Theresa May accuses Russia of ‘weaponizing information’ during Poland visit

Britain’s Prime Minister Theresa May meets Poland’s Prime Minister Mateusz Morawiecki in the Belvedere Palace in Warsaw, Poland December 21, 2017 © Kacper Pempel / Reuters

Britain and Poland joined forces to renew accusations that Russia is attempting to “weaponize information.” UK Prime Minister Theresa May is in Warsaw to announce plans for greater defense and security cooperation.

May, who was accompanied by other senior cabinet ministers, said Britain will spend £5 million ($6.68 million) on a joint UK-Polish plan to counter “disinformation.” Part of the money will go to Polish state-funded TV channel Belsat, which broadcasts in Belarus.

“We have agreed today to bolster our cooperation to counter Russian disinformation in the region… we are both deeply concerned by Russia’s attempts to weaponize information,” May told reporters. “The Kremlin is seeking to undermine the international rules-based system and it will not succeed.”

May’s visit comes as part of a diplomatic charm offensive, as Britain enters the trade negotiation phase of Brexit. She has sought to allay fears among Britain’s substantial Polish migrant community that their rights will be protected when the UK leaves the bloc.

Described as a “powerful symbol” of cooperation, the new defense treaty signed by May and newly installed Polish Prime Minister Mateusz Morawiecki on Thursday provides a framework for training, information sharing, defense procurement, and joint exercises between the NATO partners.

“Our partnership is broad, vibrant and diverse and we both share a steadfast commitment to Europe’s security and defense,” May said. “I am determined that Brexit will not weaken our relationship with Poland. Rather, it will serve as a catalyst to strengthen it.”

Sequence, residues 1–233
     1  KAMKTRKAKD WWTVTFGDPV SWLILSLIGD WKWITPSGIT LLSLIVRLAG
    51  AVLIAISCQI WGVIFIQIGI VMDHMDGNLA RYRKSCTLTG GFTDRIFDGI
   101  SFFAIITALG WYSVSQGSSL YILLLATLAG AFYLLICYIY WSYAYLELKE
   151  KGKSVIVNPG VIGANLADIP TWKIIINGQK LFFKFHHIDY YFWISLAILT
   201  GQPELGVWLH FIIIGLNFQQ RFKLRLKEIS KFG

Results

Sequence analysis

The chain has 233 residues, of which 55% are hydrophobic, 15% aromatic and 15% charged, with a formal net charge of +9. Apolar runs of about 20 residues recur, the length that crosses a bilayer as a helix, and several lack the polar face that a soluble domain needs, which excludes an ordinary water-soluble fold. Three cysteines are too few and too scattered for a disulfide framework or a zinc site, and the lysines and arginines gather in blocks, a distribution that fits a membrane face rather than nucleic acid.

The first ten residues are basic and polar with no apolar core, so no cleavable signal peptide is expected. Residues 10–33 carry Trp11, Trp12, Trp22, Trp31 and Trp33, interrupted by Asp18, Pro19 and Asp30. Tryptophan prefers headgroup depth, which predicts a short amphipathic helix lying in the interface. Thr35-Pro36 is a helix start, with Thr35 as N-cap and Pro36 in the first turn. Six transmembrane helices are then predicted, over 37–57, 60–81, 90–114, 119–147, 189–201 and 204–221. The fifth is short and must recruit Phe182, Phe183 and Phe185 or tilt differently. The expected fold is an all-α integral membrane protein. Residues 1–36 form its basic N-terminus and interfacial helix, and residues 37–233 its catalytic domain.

Although May has Russia in the crosshairs, she had been urged to raise concerns with Morawiecki about Poland’s slide toward authoritarianism, after the Polish government’s recent attempts to stuff courts with political appointees, including tribunals that will decide the validity of election results.

However, May failed to challenge her counterpart on the subject, instead stressing: “These constitutional issues are normally, should be primarily, a matter for the individual country concerned.”

The British government is convinced that Russia interfered in the 2016 Brexit referendum, but has failed to produce any evidence to back up the claim. Both Twitter and Facebook have shown Russia-linked groups, including RT, played an insignificant role in the referendum outcome. In the case of Facebook, it was revealed that Russia-based agencies paid just 73p ($0.91) for ad content during the referendum period.

Experts at the University of Oxford echoed their conclusions. Vidya Narayanan, a researcher at the Oxford Internet Institute computational propaganda project, told a parliamentary committee this week there was no “significant Russian activity” during the referendum.